Several commissioners expressed support for strengthening wind-energy regulations beyond a current proposal, but the Lancaster County Board took no action Tuesday after a four-hour public hearing on the package.
Most of the more than 30 people who spoke also sought greater restrictions than those in the proposal.
Roma Amundson, the board’s chairwoman, said she supported strengthening the regulations regarding noise levels and increasing the distance required between wind turbines and adjoining homes or properties.
Amundson, a Realtor, said wind turbines would hurt nearby property values.
The board plans to consider the wind-energy regulations at its Tuesday meeting and may vote on the package then.
A proposal by Oregon-based Volkswind USA to build more than 50 wind turbines in southern Lancaster and northern Gage counties prompted the proposed regulations, which would update existing wind-energy regulations for Lancaster County.
The Lincoln/Lancaster County Planning Commission on Aug. 20 approved the proposal currently before the County Board.
The two main issues address setback – the distance from individual wind turbines to nearby properties and homes – and the noise generated by functioning wind turbines.
The proposed regulations call for a setback of 1,000 feet from homes. For nonparticipating properties, the setback from a home would be three times the height of a turbine as measured from the blade tip at its highest point.
For smaller lots of 10 or fewer acres, the setback distance would begin at the property line. For larger lots of more than 10 acres, it would begin at the home.
As for noise, Lancaster County is considering a limit of 50 decibels during the day and 42 at night. The Planning Commission had considered noise limits of 40 decibels in the day and 37 at night, which planning staff and the city-county Health Department had recommended.
Several Lancaster County commissioners said Tuesday they were concerned the Planning Commission’s recommendations don’t go far enough to protect landowners who aren’t planning to lease their land to wind-energy companies.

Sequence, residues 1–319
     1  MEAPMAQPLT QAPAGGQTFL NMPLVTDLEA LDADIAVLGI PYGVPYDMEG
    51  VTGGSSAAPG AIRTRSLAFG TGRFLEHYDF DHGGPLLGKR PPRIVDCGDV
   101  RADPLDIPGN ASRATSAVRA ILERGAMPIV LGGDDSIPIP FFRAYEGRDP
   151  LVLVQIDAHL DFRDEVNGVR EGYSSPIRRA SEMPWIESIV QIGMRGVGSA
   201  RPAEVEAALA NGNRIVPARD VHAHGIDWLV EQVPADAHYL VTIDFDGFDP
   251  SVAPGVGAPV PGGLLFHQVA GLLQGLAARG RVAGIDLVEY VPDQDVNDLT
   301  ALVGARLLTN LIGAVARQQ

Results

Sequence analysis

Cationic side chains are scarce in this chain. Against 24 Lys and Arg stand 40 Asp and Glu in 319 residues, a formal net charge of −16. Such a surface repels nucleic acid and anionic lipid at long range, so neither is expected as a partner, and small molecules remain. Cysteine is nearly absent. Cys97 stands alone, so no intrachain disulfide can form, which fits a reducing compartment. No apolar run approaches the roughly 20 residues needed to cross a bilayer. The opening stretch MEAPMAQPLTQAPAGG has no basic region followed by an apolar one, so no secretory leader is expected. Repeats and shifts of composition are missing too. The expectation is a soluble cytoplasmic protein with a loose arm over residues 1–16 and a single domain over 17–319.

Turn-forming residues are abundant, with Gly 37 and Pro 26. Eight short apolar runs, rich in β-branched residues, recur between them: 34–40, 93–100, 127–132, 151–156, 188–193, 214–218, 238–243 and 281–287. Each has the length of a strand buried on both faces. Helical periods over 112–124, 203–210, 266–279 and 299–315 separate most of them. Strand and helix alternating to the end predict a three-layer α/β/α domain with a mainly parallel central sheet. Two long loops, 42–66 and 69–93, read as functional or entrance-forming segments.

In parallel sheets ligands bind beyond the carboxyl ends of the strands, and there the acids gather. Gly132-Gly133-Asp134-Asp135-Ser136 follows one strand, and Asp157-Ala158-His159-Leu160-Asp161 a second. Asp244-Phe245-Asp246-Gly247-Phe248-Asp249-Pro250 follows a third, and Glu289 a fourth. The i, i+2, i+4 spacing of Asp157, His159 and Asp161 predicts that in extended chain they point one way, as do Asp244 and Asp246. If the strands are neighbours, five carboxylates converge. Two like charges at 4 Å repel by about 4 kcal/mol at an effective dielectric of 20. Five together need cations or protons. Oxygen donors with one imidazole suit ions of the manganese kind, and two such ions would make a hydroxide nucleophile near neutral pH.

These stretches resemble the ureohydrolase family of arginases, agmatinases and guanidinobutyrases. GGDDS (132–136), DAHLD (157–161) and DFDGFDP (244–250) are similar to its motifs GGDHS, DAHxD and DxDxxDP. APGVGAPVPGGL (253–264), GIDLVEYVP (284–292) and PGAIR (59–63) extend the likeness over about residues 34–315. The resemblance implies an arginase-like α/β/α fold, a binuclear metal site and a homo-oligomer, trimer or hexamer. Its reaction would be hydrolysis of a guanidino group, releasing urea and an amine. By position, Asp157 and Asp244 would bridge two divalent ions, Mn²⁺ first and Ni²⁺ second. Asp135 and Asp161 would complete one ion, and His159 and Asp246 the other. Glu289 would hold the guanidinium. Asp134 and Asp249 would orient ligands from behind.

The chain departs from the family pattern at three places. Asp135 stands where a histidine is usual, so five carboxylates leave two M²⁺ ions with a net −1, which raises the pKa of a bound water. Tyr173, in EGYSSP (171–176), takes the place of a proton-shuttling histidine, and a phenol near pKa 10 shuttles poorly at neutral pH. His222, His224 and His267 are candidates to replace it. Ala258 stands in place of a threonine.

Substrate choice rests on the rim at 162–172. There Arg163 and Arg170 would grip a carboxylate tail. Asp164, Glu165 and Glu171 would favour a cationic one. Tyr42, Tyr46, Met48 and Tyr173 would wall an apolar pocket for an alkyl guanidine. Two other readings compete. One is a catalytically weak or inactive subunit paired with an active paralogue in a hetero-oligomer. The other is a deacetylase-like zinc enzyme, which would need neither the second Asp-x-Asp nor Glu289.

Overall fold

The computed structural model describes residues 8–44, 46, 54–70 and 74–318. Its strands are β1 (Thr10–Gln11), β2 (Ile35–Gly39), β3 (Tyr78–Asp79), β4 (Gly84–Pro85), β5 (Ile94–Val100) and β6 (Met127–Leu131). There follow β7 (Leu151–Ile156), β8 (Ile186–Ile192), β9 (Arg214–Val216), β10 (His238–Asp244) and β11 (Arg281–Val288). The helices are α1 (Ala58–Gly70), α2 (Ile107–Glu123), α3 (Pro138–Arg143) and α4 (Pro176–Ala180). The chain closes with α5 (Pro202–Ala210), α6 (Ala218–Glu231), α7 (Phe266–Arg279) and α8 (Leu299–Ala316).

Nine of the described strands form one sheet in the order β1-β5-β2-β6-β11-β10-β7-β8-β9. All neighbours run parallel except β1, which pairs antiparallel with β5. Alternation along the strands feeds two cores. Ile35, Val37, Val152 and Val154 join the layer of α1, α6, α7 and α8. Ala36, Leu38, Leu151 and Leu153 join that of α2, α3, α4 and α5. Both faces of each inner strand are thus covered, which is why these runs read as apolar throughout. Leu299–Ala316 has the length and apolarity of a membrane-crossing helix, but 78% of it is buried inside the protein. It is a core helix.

Commissioner Deb Schorr said she supported noise limits of 40 decibels in the day and 37 at night. However, Commissioner Larry Hudkins said 40 decibels during the day seemed too restrictive, but 45 decibels during the day would be more reasonable.
Hudkins, a farmer, said he would like to see the regulations revised to measure setbacks from property lines rather than homes. He said measuring setbacks from homes would discourage many affected property owners, especially farmers, from improving their properties.
Measuring setbacks from property lines would force turbines to be located farther away from nearby properties, he said.
“We should be able to use our property as we want to,” he said.
Commissioner Todd Wiltgen said he wants setbacks to be uniform for all property owners, though he didn’t take a stance on the proposed regulations. Commissioner Bill Avery also didn’t take a position.
At Tuesday’s hearing, wind-energy supporters said even the Planning Department’s proposed regulations could severely restrict development of turbines in the county. Those opposed to the Planning Commission’s proposed regulations, meanwhile, said the rules would allow turbines to be located too close to nearby homes, which could negatively affect people’s health.
Scott Holmes, environmental health manager for the Health Department, said wind turbine noise can cause physiological reactions, including loss of sleep and increased heart rates and blood pressure.
Jeffrey Wagner, director of Volkswind USA, said the company chose southern Lancaster County and northern Gage County because of their rural settings and proximity to transmission lines running to NPPD’s Sheldon Station, which the company could use.
“It’s an agricultural setting,” he said.
Amundson said the nearly $700,000 in property tax revenue the project would generate shouldn’t be a major consideration for county officials.
“It doesn’t really move the needle that much,” she said.
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